User Experiences and Differences in Viewing Architectural Images with Various Interfaces

User Experiences and Differences in Viewing Architectural Images with Various Interfaces

David Fonseca (La Salle Universitat Ramon Llull, Spain), Oscar García (La Salle Universitat Ramon Llull, Spain), Marc Pifarré (La Salle Universitat Ramon Llull, Spain) and Eva Villegas (La Salle Universitat Ramon Llull, Spain)
DOI: 10.4018/978-1-4666-0285-4.ch017


This paper proposes an empirical approach to the visualization phase of architectural images, employing established concepts, methodologies, and measurement techniques found in media psychology and user-centered studies. The paper proposes a human-centered approach for conceptualizing visualization technologies and evaluating the quality concept of images to simulate a satisfactory architectural experience. The authors use psychophysiological measures to capture the affective component of image quality experience facilitated by different displays, including immersive and nonimmersive displays. These types of visualizations are important for empirically evaluating the experiential aspects of an architectural space and other types of images.
Chapter Preview


The visualization of architectonic projects has evolved over the past 20 years due to 2D and 3D CAD-CAM technologies. Traditional photography and maquettes (French for scale model of buildings) are still employed as aesthetic resources for examining spaces and shapes. However, the use of infographic techniques allows the generation of images and animations, enabling professionals or architects to examine details and change textures or illuminations in a more rapid, interactive, and comfortable manner.

Today’s professionals are increasingly employing the latest technologies to work and communicate on projects. However, taking into account a number of experiences gathered from the university environment, it has been found that users do not apply these technologies optimally. They do not control the size or resolution of the images, and in the majority of the cases, they do not consider the final user or the type of screen where these images will appear. This absence of resource optimization is disturbing, mainly due to the employment of digital images, which are considered essential in understanding the space and presentation of architectonic ideas. In this specific sector where visualization is crucial, we have found that there is a remarkable deficiency of usability studies that, which focus on the manner in which information should be presented. The impact that information has on a user is based on the effectiveness of the mode of communication employed and on the user’s own preferences.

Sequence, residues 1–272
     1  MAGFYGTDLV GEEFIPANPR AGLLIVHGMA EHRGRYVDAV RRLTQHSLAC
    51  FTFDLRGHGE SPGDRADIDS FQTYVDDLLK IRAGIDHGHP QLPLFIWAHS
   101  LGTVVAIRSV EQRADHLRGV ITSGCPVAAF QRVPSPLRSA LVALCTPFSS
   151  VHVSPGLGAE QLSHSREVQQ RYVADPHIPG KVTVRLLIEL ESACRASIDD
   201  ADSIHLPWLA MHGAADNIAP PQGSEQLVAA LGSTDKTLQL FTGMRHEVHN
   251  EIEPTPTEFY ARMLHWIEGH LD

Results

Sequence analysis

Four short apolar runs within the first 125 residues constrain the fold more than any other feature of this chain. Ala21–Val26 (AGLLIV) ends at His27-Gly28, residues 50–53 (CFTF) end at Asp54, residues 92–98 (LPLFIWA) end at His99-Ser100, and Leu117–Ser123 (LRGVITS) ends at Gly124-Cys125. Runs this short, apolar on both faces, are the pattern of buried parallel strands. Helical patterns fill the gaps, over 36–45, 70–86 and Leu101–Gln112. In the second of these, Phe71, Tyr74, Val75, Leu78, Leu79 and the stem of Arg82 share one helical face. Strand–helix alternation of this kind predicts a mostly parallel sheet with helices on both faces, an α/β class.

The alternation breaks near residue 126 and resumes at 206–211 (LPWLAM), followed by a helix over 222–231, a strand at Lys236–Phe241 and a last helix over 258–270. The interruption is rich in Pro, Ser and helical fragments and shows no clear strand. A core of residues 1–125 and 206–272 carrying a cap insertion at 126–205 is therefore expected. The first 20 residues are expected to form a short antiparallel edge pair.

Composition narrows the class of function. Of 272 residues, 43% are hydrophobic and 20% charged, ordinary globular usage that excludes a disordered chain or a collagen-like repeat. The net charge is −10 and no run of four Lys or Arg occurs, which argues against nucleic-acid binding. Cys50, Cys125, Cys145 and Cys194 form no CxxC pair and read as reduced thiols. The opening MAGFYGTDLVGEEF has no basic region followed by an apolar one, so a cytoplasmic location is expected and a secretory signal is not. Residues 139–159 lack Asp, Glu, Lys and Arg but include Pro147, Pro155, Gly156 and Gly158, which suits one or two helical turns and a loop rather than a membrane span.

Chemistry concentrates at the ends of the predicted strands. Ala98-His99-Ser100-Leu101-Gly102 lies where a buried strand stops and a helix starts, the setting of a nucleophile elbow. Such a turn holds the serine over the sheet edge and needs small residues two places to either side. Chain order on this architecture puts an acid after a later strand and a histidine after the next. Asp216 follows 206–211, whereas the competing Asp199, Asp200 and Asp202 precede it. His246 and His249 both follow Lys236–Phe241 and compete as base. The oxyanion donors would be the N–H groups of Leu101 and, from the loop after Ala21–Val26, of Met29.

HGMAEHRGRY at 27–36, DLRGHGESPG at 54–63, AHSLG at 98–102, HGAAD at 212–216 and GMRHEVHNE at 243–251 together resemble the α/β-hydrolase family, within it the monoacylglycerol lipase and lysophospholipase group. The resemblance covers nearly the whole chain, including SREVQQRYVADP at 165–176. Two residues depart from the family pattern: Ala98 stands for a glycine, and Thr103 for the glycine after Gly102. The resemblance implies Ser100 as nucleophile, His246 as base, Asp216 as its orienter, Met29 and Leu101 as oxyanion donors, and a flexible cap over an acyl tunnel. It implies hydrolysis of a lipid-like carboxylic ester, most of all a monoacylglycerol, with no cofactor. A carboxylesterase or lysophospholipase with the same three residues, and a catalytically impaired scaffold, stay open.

The research community is exploring the different possibilities that mobile or immersive devices offer users, producing studies ranging from optimizing the presentation of information, thereby creating an augmented reality, to those more focused on user interaction. Undoubtedly, one of the most investigated themes on the use of these new technologies is that of information visualization (IV). IV is a well-established discipline that proposes graphical approaches to help users better understand and make sense of large collections of information. The small screens of handheld or immersive devices provide a clear imperative to design visual information carefully and with the goal of presenting it most effectively. The limited screen size makes it difficult to display large information, and the device capability and the network bandwidth are other important factors to take into account at the moment of the image creation. The main problems associated with vision in immersive and mobile devices are related to the distance of image visualization (away from the optimal range of screen visualization according to recommendations that fix the distance between 8–10 cm per inch of a screen’s diagonal distance, A higher resolution is necessary to maintain the quality perception in a head-mounted display, but this slows down the load on a mobile device, a device that does not require this high resolution.

This paper includes a multidisciplinary approach that intends to examine a user’s emotional response according to the technical features of an image and its display where it is visualized, in order to make headway in generating images with accurate parameters that will optimize the manner in which the user visualizes an architecture project.

The main goal of the study is to quantify and evaluate the differences in emotional behavior and the perceived quality of architectural images, based on the user experience and the type of device. The results will allow us to propose new compression rates or resolutions to adapt any image to different devices without reducing its communication without reducing its integrity.

We will apply techniques already employed in usability studies and examine a user’s interaction with computing systems (HCI– HCC) to measure the user’s emotional response (psychological and neuropsychological) according to technical aspects such as the digital image and the type of display (information technology). This relationship between visualization and emotional response has been extensively studied during the previous years (as indicated in the Literature Review section). The purpose of these studies was to demonstrate the manner in which an image is capable of evoking emotional states in and reactions from a user based on the user’s perception. We will employ clear techniques of different areas as a starting point for an in-depth study of architectural images in a professional environment.

Complete Chapter List

Search this Book: